Posted by: stillironic | May 17, 2010

Cooking Is Dangerous to My Health (Part 2)

Con’t.

The béchamel sauce for the spinach and kale au gratin was ready. Except it tasted bland. Its whole purpose in being was to provide a stage upon which all the other ingredients could play their role.

By now I was tired and my hand hurt. I guess this was why it didn’t fully register that the players in this dish—spinach, kale, and garlic—stood a poor chance of putting on any but a lackluster performance.

Meanwhile, JJ was admiring the eye of the fish, a sheepshead, he’d brought home to grill. The eye was clear as glass. The type of fish, however, was suspect. Neither of us had heard of it. When I vetted it on the web, opinions varied.

Website 1: “It’s a junk fish.”

Me: Not surprising, since it was only $1.99/lb.

Website 2: “It tastes delicious, but is hard to catch.”

Me: Well, if it’s hard to catch and people are still making the effort to catch it, it must be worth catching. No?

So JJ threw the fish on the grill.

By this point the gratin, snug in its Pyrex dish in the oven, had almost finished baking.

Getting it there had been a production. Which involved wrapping the steamed greens in a dishtowel and squeezing the excess water out by twisting the ends of the towel—luckily I had one clean dishtowel left in the drawer or I would’ve had to sacrifice one of JJ’s torn undershirts. This activity—again not hand friendly and further proof that I’m challenged when it comes to choosing recipes—produced two big green blobs, which had to be chopped. So I chopped the blobs, sautéed some garlic, and tossed the whole kit and kaboodle together. Once tucked in its pan, it received a sprinkling of grated cheese.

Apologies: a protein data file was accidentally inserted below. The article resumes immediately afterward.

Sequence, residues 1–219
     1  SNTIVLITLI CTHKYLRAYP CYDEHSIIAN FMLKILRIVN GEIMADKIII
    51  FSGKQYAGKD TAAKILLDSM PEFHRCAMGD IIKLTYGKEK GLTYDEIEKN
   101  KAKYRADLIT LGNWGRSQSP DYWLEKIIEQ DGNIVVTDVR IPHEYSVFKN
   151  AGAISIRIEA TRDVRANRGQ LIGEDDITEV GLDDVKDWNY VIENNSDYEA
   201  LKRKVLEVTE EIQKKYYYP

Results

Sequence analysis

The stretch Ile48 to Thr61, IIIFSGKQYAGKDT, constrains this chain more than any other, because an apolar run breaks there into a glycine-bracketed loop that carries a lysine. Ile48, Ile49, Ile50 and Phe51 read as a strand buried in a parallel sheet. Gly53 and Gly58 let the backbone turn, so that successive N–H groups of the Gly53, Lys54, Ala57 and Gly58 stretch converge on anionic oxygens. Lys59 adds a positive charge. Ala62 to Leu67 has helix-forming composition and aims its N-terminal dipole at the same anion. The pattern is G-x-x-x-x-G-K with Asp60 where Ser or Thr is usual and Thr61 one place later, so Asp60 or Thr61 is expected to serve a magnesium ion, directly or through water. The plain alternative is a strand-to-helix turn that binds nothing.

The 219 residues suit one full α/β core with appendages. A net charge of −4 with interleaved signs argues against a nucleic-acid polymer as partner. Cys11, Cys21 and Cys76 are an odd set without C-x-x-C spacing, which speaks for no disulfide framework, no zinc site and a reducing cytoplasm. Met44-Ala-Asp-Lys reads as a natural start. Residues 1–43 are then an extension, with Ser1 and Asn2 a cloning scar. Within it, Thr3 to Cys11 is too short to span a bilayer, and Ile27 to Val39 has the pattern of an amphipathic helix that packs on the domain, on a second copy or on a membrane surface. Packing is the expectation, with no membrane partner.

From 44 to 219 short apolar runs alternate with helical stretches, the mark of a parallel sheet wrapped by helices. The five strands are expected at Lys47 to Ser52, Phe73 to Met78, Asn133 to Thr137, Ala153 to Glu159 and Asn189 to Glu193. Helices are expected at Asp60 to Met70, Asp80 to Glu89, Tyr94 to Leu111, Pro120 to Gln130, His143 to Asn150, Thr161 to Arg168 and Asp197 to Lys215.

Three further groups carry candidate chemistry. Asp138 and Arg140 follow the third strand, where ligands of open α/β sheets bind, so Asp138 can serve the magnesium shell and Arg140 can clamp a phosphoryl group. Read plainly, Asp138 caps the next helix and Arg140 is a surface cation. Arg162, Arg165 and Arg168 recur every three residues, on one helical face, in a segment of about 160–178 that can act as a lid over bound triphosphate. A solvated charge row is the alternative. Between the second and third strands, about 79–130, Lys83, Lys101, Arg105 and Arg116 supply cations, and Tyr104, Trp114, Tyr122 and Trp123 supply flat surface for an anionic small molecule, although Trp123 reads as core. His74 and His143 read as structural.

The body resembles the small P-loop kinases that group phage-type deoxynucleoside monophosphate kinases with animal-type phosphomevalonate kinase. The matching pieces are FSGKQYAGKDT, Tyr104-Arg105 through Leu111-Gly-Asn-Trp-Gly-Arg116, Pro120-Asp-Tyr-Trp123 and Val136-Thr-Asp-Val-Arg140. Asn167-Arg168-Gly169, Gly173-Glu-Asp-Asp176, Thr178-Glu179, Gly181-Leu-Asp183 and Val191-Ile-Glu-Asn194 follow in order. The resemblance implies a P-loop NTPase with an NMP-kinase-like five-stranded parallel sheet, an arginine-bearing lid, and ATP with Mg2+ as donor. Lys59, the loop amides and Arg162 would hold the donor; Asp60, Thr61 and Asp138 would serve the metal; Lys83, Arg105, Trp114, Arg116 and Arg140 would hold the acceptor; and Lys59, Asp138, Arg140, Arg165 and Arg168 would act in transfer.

Now fish usually grills up in a jiffy. But apparently this doesn’t hold true for sheepshead. We found out why when we took our first bites. The fish, which looked delicious, had the consistency of rubber and the flavor of rubber basted with olive oil and herbs. We both tried to choke down a few more bites. JJ praised the gratin. But when he gave up on the fish, I noticed he hadn’t eaten most of the gratin either. I found the gratin characterless. At least it was edible.

We ended up stuffing the fish down the garbage disposal. The next night when we had hamburgers for dinner, JJ couldn’t eat the gratin. It reminded him too much of the fish, he said. I vowed never to cook again.

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